It's against the backdrop of abandoned cityscapes like this that the current policing controversy rages. The king of modern enforcement strategies, Broken Windows, isn't designed to promote economic growth in these neighborhoods. It's designed to prevent the "bad" neighborhoods from spilling into the "good" ones.

Broken Windows policing, which gained renown in the Nineties thanks to politicians like former New York Mayor Rudy Giuliani, is the mutant offspring of our already infamous race history, a set of high-tech tricks to disguise old-school discriminatory policing as cheery-sounding, yuppie-approved, Malcolm Gladwell-endorsed pop sociology. The ideas grew out of a theory advanced in 1982 by a pair of academics, James Q. Wilson of Harvard and George Kelling of Rutgers. "If a window in a building is broken and is left unrepaired, all the rest of the windows will soon be broken," the pair wrote in The Atlantic, arguing in "Broken Windows" that disorder and crime were "inextricably linked" and that fixing the former would impact the latter.

The practical application of these ideas was simple. In the interest of public order, cops would stop people in troubled neighborhoods for any infraction, no matter how minor — a broken taillight, a hopped turnstile, an open beer — in hopes of deterring more-serious crimes.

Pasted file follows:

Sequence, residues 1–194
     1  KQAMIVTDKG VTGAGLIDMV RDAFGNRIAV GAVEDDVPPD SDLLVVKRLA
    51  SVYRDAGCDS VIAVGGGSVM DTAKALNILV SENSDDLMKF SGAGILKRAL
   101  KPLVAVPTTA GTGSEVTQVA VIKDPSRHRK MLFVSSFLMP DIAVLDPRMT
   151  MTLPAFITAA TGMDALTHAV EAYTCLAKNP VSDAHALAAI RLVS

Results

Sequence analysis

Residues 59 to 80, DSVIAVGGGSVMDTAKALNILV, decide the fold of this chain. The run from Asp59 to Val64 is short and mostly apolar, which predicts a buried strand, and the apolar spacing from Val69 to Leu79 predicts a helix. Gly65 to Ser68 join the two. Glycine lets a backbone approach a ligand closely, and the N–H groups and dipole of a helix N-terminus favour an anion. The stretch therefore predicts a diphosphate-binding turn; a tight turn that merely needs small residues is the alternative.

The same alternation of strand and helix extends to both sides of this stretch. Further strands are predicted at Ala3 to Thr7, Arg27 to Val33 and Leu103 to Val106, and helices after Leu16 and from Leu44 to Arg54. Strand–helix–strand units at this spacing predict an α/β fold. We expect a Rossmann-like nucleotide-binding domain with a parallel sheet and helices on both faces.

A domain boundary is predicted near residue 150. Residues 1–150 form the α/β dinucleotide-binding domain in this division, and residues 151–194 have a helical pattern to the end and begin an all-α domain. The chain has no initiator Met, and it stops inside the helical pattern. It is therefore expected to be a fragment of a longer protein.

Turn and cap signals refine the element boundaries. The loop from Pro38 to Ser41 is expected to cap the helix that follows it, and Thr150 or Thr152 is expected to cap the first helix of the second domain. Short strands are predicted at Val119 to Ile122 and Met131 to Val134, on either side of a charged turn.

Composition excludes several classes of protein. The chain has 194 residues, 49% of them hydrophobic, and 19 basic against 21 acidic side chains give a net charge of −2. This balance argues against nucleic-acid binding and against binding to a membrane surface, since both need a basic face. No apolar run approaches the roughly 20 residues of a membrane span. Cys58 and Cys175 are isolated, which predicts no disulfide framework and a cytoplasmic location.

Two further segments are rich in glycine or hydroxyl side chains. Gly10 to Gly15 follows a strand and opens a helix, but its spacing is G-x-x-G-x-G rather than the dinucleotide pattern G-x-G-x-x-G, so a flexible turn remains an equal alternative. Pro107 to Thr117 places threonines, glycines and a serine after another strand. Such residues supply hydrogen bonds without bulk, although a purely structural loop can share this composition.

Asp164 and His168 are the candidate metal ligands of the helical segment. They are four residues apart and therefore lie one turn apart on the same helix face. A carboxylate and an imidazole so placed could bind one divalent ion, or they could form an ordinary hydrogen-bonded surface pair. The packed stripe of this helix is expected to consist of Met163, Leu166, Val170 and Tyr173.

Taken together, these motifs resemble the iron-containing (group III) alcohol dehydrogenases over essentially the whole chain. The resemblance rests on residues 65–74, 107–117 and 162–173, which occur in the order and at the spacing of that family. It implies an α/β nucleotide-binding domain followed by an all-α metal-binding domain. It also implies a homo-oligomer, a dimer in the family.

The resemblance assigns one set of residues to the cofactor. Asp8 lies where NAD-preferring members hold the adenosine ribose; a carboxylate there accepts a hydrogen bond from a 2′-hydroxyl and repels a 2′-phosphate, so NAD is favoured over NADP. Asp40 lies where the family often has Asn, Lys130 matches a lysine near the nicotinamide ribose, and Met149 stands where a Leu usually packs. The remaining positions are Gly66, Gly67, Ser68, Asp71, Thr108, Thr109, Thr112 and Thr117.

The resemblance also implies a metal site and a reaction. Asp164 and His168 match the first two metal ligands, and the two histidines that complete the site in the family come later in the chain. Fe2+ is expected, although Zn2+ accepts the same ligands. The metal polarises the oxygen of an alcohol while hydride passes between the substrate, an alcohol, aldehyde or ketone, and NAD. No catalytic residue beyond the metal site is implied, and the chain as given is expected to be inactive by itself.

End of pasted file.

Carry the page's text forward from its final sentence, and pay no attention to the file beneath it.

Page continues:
Broken Windows was introduced in New York in 1990, when a Bostonian named Bill Bratton was named the city's Transit Police chief. At the time, New York was plagued by street crime, with a murder rate north of 2,000 killings a year. Any idea that seemed like it had half a chance of working seemed like a good idea.

After Giuliani made Bratton his police commissioner in 1994, the two men took the Broken Windows approach to the next level. New terms entered the lexicon — "zero tolerance," "stop-and-frisk," "community policing" (an Orwellian euphemism every bit as preposterous as the Clear Skies and Healthy Forests initiatives dreamed up by the Bush administration). These new, more interventionist strategies relied on endless streams of adversarial interactions between police and the subject population, stopping and sometimes searching people by the thousands.

Soon, the crime rate began to decline sharply, and the media rushed to laud Giuliani and Bratton for slaying the criminal dragon. Time put Bratton on its cover, dressed in a trench coat and standing at night on a New York street conspicuously empty of anything but a squad car. The headline: "Finally, We're Winning the War Against Crime." Of course, there would later be a tremendous controversy over whether these new policing strategies had anything to do with the drop in New York's crime rate. Other cities that didn't use these programs saw similar declines, in a phenomenon that criminologists are still at a loss to explain.